Easy Reading: Childhood Game

GMA 3946

We all know the game where we start a drawing, hide what we have drawn and let someone else continue the picture. Not many people know that its actual name is “The Exquisite Corpse” and it was invented by surrealists in the 30’s, pioneered by André Breton. The concept of this mere childhood game is a lot broader than it initially seems.

When I was a child, the exquisite corpse was played to both entertain and to break the ice in classroom settings. In one sense you could say that this game attempted to fill the void of loneliness. Also, the segments of each drawing can be analysed from a psychological stand point to try and gain insights into who a person is. A logical progression could show signs of an intelligent person; an elaborate progression would show a creative mind ; an innappropriate progression could show signs of an immature mind. If each part of the drawing can tell us a lot about an individual player then the exquisite corpse is a gateway to knowing someone, filling the void of the absence of knowledge.

There are many perspectives taken on the theory of the exquisite corpse. The Steve Sandvoss film, “The Exquisite Corpse” and the famous novel “Frankenstein” demonstrates filling the void of companionship. Frankenstein’s monster was constructed to remove the pangs of loneliness, though it did not work too well in his favour. In the Sandvoss film, multiple women are harvested in order to save one life, curing death, filling the void, once again, of loneliness and to eradicate the feelings of the loss of a loved one.

In the movie “The Exquisite Corpse Project” the concept of the exquisite corpse was taken to a written form, in order to bring a group of friends together for one last time. The concept was used to mask, for just a few moments, the fact that they will all soon be dispersed and will inevitably be lonely without their close companions near. Each section scripted by each individual, can be psychoanalysed, each segment represents each person and shows that there is quite a contrast in everyone’s writing style. This could possibly be a metaphor for psychological distancing between each character as their inevitability of leaving each other becomes more real.

The anthropmorphising and personifying of the exquisite corpse is a matter of life. The international film project of the exquisite corpse brought people together for one common finality just like the process of farming and produce selling. Someone will plant the food, but it takes many people and stages before that food can be eaten after being bought. This process would be for the inevitable filling of the void of hunger.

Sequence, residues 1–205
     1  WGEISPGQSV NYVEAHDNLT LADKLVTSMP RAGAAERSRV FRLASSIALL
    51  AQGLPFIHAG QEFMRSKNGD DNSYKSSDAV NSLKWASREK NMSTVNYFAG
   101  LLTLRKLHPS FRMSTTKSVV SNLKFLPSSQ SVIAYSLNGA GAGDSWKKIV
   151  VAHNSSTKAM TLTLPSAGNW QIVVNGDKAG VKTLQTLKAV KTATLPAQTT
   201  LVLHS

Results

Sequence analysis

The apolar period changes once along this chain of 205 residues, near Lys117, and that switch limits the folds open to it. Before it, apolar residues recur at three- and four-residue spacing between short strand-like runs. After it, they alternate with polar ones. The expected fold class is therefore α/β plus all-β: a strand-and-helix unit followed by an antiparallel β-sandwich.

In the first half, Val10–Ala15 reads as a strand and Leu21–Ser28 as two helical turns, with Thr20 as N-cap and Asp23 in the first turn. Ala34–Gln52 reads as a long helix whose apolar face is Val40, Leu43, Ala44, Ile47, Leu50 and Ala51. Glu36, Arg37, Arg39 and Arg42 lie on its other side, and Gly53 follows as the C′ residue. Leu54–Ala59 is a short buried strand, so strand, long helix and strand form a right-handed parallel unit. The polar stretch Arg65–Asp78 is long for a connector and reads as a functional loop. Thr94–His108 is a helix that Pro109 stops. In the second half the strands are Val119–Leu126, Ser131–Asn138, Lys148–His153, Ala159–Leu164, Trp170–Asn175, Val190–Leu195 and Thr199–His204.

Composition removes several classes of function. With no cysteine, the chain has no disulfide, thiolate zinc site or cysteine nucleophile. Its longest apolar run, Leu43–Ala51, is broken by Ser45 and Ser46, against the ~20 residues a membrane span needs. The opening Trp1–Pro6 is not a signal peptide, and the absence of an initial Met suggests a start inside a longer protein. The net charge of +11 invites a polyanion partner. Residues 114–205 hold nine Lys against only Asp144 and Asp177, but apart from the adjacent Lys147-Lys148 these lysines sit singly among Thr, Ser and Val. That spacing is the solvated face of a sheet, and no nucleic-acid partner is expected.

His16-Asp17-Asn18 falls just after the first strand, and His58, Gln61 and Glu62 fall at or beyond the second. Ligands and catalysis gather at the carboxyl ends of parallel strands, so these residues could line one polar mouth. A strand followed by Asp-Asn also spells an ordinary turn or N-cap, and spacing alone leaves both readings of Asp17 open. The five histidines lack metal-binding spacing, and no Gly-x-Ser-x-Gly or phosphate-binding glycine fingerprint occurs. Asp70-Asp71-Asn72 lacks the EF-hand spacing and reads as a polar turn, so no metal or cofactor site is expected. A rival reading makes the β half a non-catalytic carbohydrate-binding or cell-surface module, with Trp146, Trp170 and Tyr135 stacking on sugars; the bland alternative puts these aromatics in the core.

In applying the exquisite corpse concept to the bigger picture, life is what it is all about. Life is made up of segments and the final outcome of each set of segments will fill some sort of void.

How I Think About: Just A Childhood Game

“The Exquisite Corpse”, as highlighted by André Breton (written in the 1920-30’s), is a name given to a childhood game we all used to play. It is set so that part of an image is drawn, then folded over. The next participant will continue the drawing and fold that over. The result is then shown, which can be quite humorous.

On looking into this further, I watched the Steve Sandvoss film, Exquisite Corpse (2010) and the trailer for The Exquisite Corpse Project (2013). Looking into different ways the ‘exquisite corpse’ can be interpreted, made me realise that there is more to it, than meets the eye:

The exquisite corpse, when I was a child, was played to both entertain and to help break the ice amongst new people in a class room setting. The drawn version of the exquisite corpse, can be used to fill the void of loneliness, when used to break the ice, or to entertain one’s self. The segments drawn by each individual could give an insight into an idea or into a mind set. A more creative mind would draw something elaborate; a more academic mind would draw the next logical progression to the starter that are visible; an immature mind may draw something inappropriate; a fast paced mind may draw something totally unrelated. If each segment can tell the audience a lot about an individual player in the game, surely an exquisite corpse based activity can be used, and interpreted, in multiple ways.

In looking into alternative perspectives of the exquisite corpse, such as the Steve Sandvoss film, and Mary Shelley’s Frankenstein, we can see that when it is brought to life, it is to fill a void. Frankenstein’s monster was created to remove the pains of loneliness, though it didn’t work well to the Doctor’s liking. In the Sandvoss film, multiple women are harvested to save one life; the life saved in the film, thanks to the creator of a cure for death, was used to eradicate the feeling of the loss of a loved one.

In the written form, as shown in the 2013 movie and another Exquisite Corpse Project, the idea of the exquisite corpse was used to bring a set of friends together, one last time. In one sense it is used to mask, for a few more moments, that they are all going their separate ways. In referring back to my previous point, it could be to fill the void of the loss of good friends, or lack of entertainment.

In my opinion, life is the embodiment and personification of the exquisite corpse. People, just like in the 2013 movie, are brought together on a daily basis to help each other. If you look at it from the perspective of ‘the player’ and their part, it is easy to see. The player, a farmer, plants a seed, water helps it to grow, the sun helps to photosynthesise it, a picker harvests the fruit from the plant, a market will then sell the fruit, the whole outcome would be that a person can be fed. From that analogy, my point can be seen in a simplistic form.

In applying the exquisite corpse approach, life happens.